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soothe

[sooth]
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verb (used with object), soothed, sooth·ing.
  1. to tranquilize or calm, as a person or the feelings; relieve, comfort, or refresh: soothing someone's anger; to soothe someone with a hot drink.
  2. to mitigate, assuage, or allay, as pain, sorrow, or doubt: to soothe sunburned skin.
verb (used without object), soothed, sooth·ing.
  1. to exert a soothing influence; bring tranquillity, calm, ease, or comfort.

Origin of soothe

before 950; Middle English sothen to verify, Old English sōthian, equivalent to sōth sooth + -ian infinitive suffix; Modern English sense shift “to verify” > “to support (a person's statement)” > “to encourage” > “to calm”
Related formssooth·er, nounself-soothed, adjectiveun·soothed, adjective

Synonyms

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2. alleviate, appease, mollify.

Synonym study

1. See comfort, allay.

Antonyms

1. upset, roil.
Dictionary.com Unabridged Based on the Random House Unabridged Dictionary, © Random House, Inc. 2018

Examples from the Web for soothed

Contemporary Examples

Historical Examples

  • I was so disappointed and hurt and heartsick, and he kissed me and soothed me.

    The Spenders

    Harry Leon Wilson

  • It was sultry, and there was something in the atmosphere that at once threatened and soothed.

    Malbone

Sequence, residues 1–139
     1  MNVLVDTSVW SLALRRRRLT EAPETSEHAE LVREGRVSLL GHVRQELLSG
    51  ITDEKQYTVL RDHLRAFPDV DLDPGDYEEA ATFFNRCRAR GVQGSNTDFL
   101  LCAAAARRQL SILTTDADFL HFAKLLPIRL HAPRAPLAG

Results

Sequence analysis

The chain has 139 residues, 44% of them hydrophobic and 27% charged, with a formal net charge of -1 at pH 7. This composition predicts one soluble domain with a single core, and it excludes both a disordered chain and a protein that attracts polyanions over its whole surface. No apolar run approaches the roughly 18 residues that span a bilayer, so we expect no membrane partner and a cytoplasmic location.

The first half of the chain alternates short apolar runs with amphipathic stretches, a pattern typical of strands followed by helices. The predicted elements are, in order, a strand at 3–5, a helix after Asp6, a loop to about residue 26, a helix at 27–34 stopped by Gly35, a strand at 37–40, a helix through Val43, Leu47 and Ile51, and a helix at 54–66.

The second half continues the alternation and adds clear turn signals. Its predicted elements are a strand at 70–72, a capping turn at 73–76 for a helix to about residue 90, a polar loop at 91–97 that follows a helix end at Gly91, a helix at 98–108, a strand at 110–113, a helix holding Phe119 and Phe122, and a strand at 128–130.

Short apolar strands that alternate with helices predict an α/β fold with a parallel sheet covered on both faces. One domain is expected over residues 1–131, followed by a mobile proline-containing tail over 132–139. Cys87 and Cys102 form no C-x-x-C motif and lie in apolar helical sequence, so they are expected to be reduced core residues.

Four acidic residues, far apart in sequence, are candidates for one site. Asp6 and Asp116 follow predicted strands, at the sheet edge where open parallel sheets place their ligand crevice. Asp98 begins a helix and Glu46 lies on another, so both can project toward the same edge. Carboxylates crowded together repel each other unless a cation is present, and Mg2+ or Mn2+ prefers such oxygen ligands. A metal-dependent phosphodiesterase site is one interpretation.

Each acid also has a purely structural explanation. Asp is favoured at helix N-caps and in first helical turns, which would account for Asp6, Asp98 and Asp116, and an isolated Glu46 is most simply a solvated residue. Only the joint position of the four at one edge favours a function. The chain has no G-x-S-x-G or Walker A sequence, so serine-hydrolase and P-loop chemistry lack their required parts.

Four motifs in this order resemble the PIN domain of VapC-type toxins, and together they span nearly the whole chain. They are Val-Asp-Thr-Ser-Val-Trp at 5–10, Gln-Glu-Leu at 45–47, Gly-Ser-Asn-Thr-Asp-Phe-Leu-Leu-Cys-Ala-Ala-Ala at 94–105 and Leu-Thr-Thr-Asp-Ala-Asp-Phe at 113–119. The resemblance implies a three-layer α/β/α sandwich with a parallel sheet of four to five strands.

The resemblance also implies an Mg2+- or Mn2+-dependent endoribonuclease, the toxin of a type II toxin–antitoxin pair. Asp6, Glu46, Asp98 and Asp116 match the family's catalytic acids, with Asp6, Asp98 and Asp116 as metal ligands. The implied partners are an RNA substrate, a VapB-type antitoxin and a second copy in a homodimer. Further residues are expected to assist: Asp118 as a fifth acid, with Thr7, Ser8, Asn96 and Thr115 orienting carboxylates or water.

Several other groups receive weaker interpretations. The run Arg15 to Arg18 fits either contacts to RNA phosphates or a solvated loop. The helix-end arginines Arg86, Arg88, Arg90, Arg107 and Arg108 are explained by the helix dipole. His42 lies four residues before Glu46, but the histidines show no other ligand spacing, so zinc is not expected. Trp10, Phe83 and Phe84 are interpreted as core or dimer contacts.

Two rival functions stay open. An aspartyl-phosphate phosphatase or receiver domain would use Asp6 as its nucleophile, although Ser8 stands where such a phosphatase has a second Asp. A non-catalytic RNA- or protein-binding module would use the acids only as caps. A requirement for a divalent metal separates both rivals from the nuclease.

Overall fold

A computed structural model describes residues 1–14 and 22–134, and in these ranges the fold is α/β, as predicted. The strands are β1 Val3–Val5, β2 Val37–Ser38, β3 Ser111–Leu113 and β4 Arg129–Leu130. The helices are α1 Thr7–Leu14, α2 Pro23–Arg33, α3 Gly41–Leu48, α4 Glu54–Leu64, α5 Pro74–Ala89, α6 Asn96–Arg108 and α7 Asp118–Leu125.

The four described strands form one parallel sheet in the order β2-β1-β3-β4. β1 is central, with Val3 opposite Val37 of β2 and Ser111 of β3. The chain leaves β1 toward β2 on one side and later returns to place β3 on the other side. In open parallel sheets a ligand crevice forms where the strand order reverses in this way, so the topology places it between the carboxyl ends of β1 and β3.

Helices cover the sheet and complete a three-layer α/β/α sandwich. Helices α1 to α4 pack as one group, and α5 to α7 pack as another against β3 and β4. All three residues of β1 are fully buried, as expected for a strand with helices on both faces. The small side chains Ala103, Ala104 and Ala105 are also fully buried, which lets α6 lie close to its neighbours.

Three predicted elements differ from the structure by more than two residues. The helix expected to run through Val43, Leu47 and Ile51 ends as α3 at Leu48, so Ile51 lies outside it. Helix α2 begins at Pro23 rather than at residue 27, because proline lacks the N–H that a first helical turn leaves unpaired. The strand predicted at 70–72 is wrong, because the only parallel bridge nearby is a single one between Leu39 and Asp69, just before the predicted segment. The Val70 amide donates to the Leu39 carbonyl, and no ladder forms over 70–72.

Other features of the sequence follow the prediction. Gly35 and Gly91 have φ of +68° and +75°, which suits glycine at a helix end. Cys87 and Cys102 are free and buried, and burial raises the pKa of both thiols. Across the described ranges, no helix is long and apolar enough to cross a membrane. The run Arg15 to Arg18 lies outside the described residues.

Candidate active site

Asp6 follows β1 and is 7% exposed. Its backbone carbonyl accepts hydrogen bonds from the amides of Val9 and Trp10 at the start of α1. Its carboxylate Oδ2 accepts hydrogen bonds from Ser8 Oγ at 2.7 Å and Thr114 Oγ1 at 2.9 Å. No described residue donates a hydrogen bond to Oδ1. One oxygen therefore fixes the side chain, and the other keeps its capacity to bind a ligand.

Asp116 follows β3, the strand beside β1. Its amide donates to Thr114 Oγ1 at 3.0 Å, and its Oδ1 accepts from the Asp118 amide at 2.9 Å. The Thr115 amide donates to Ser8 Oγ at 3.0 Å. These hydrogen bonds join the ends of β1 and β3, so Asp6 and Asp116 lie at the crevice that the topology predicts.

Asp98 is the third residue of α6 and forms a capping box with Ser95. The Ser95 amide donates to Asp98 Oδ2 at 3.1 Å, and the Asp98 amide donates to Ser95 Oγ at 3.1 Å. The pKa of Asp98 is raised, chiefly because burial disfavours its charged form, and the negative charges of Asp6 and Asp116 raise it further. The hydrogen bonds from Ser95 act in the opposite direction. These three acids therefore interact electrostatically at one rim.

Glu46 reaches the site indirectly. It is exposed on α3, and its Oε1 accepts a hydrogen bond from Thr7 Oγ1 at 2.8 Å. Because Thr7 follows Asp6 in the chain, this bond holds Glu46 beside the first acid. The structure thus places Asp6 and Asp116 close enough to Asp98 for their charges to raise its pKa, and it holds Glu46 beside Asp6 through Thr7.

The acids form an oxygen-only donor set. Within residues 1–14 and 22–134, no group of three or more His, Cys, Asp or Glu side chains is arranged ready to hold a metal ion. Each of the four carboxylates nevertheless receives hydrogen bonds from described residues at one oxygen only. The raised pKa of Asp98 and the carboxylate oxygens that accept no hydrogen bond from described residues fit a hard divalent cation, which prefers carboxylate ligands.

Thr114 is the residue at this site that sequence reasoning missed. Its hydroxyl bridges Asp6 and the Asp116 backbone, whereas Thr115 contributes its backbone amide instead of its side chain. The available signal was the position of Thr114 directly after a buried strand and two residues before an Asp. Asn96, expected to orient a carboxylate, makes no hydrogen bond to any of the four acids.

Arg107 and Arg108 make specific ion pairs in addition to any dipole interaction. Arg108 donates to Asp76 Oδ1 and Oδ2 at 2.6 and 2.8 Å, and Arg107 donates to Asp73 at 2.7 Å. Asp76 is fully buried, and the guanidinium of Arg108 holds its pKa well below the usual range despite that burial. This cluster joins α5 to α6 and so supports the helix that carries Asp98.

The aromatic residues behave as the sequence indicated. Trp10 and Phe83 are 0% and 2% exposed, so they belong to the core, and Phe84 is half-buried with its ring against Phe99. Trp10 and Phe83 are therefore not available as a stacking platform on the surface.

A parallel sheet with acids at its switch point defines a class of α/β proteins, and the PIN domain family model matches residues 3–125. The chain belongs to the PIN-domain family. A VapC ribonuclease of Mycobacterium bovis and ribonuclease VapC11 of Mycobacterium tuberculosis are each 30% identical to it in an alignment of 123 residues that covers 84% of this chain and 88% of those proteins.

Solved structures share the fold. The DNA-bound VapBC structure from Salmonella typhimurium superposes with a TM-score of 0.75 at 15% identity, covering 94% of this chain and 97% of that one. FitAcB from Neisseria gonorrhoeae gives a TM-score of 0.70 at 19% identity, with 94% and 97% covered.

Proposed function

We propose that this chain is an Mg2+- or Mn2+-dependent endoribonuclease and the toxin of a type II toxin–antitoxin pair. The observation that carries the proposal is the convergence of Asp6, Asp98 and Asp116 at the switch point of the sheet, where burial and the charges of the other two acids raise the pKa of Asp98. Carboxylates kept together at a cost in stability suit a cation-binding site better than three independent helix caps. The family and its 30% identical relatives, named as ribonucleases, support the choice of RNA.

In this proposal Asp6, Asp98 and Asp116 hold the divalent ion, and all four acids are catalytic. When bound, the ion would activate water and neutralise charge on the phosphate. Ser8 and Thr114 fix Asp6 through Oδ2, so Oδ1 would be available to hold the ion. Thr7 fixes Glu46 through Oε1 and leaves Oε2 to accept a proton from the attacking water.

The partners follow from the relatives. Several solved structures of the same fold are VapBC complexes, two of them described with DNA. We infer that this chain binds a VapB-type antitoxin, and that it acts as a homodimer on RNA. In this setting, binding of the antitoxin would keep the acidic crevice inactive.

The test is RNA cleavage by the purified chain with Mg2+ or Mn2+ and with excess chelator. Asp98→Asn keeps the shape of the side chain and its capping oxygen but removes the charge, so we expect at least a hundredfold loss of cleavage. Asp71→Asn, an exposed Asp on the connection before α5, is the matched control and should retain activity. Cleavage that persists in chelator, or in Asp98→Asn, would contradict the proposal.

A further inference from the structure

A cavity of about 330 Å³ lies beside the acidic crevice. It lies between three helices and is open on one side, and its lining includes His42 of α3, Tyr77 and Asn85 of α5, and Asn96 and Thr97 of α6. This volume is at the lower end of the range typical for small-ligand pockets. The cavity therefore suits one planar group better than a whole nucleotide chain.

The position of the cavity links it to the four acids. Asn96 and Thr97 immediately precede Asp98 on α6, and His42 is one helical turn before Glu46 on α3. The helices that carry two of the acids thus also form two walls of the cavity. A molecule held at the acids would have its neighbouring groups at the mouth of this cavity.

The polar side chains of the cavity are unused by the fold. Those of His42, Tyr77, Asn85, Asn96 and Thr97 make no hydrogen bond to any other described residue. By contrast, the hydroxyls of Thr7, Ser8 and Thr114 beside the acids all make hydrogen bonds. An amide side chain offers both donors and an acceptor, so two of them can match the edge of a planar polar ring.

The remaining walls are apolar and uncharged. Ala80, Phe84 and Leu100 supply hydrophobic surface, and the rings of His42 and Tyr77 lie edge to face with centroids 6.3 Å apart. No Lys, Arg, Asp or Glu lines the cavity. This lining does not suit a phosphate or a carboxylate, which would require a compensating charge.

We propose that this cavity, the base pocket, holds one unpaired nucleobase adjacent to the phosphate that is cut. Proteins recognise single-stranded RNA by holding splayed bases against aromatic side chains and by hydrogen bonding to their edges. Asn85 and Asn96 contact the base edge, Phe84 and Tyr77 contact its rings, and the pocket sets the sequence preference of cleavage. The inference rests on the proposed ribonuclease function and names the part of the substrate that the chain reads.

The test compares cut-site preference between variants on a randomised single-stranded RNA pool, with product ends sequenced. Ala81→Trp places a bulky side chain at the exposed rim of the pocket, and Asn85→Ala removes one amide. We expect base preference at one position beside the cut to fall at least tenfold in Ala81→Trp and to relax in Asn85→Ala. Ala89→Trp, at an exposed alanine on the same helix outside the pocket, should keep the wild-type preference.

Thomas Wentworth Higginson

  • Be soothed, my son; I meant not to tear the bandage from thy wounds.

    Calderon The Courtier

    Edward Bulwer-Lytton

  • The gentle August night had cooled and soothed the dusty atmosphere.

    The Slave Of The Lamp

    Henry Seton Merriman

  • "Sweetheart, you mustn't fret," she soothed, in motherly fashion.


British Dictionary definitions for soothed

soothe

verb
  1. (tr) to make calm or tranquil
  2. (tr) to relieve or assuage (pain, longing, etc)
  3. (intr) to bring tranquillity or relief
Derived Formssoother, noun

Word Origin

C16 (in the sense: to mollify): from Old English sōthian to prove; related to Old Norse sanna to assert; see sooth
Collins English Dictionary - Complete & Unabridged 2012 Digital Edition © William Collins Sons & Co. Ltd. 1979, 1986 © HarperCollins Publishers 1998, 2000, 2003, 2005, 2006, 2007, 2009, 2012

Word Origin and History for soothed

soothe

v.

Old English soðian "show to be true," from soð "true" (see sooth). Sense of "quiet, comfort, mollify" is first recorded 1690s, via notion of "to assuage one by asserting that what he says is true" (i.e. to be a yes-man), a sense attested from 1560s (and cf. Old English gesoð "a parasite, flatterer"). Meaning "reduce the intensity" (of a pain, etc.) is from 1711. Related: Soothed; soothing.

Online Etymology Dictionary, © 2010 Douglas Harper

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